I am pleased to take a more direct role in fostering its success as President of MIRI. I have left my previous role as Founder and Chief Strategist at SirGroovy.com, a growing online music licensing firm, and have been assuming responsibility for the management of the Machine Intelligence Research Institute over the last few weeks.
Prospective volunteers, donors, and aspiring researchers should now make contact with me rather than with Tyler Emerson.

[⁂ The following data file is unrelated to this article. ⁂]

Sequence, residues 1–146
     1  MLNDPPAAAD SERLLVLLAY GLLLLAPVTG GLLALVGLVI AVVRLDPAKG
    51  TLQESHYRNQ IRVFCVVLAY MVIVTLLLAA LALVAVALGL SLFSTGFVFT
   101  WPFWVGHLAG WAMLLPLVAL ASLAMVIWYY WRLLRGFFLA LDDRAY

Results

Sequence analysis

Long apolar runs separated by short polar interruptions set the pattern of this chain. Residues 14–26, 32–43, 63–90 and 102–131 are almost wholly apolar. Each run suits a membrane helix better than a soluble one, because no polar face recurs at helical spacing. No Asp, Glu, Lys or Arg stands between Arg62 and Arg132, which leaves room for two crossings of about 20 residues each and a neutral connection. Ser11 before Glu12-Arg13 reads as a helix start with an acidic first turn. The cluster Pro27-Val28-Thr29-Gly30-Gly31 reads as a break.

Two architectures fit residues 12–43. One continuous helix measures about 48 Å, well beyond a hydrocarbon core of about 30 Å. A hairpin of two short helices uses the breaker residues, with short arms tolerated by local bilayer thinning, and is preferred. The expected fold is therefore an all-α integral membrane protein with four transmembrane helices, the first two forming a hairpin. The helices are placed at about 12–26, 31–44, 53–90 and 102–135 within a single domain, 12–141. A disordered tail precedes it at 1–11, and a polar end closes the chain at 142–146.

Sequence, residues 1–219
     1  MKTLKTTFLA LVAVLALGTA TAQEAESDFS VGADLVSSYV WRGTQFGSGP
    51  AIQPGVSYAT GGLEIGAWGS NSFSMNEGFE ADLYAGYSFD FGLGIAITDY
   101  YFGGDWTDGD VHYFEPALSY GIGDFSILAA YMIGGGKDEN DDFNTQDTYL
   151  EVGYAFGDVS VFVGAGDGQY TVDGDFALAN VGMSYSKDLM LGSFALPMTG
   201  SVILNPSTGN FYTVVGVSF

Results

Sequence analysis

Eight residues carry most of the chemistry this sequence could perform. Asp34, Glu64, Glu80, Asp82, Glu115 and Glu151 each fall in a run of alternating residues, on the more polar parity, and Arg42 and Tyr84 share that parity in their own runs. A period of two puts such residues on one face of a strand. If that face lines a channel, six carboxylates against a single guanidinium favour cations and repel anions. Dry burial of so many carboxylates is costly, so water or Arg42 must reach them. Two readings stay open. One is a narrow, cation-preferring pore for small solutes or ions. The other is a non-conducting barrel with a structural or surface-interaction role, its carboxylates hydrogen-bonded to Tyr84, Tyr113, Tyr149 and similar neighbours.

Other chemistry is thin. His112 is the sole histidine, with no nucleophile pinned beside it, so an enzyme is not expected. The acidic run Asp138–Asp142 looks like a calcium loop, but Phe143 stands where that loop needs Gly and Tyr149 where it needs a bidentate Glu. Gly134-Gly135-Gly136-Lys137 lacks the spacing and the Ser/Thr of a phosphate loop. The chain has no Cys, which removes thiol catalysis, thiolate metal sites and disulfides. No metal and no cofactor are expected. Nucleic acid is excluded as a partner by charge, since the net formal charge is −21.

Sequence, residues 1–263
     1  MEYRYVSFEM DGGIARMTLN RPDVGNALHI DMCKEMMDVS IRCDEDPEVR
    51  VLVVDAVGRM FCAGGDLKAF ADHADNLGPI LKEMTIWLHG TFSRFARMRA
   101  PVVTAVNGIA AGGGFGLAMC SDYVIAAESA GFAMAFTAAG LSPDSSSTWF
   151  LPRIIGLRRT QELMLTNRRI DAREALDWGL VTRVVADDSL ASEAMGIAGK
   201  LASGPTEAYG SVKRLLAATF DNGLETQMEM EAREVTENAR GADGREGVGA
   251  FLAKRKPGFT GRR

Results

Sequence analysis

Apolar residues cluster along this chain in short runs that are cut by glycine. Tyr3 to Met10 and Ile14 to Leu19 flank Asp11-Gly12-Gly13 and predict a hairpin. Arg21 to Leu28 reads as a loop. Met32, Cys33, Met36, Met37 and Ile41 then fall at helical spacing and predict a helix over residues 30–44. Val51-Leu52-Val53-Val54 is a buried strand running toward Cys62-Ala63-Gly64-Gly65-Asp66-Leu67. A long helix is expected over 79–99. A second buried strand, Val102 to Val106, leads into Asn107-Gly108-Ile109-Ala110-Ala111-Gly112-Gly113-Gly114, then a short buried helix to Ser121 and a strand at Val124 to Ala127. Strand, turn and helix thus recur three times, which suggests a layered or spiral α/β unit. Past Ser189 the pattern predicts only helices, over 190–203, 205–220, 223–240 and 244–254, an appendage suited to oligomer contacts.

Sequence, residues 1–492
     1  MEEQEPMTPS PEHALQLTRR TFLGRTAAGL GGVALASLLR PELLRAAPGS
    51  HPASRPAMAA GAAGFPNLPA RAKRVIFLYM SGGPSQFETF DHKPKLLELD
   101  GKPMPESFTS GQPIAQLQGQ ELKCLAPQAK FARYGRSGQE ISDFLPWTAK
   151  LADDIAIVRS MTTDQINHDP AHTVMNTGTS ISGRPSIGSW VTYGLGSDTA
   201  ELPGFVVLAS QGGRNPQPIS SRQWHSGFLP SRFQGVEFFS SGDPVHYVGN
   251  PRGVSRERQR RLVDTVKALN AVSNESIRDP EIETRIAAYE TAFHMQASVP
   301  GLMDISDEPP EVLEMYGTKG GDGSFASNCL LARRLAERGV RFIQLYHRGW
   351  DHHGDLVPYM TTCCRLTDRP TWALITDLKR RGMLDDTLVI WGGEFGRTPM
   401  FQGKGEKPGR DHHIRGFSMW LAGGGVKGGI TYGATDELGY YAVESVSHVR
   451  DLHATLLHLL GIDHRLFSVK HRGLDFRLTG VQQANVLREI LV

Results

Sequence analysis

To those who I am greeting for the first time, let me introduce myself. On a professional level, I hold a Master of Business Administration from Drexel University, and am coming from a role that combined management, research, analysis, and strategy in a fast-growing music licensing firm from its founding in New York. In that capacity, in a previous role at Aon, and in my academic studies I have been enduringly interested in finance and economics, particular the economics of technology and IP. Scientifically, I earned my undergraduate degree in biochemistry and have worked in several labs, as well as serving at the National Institute of Standards and Technology, and have extensively studied the history of science and technology, as well as the potential for biological cognitive enhancement. I have served with the Peace Corps in Kazakhstan, and am splitting my time between Manhattan, where I live with my wife Aruna, and Silicon Valley.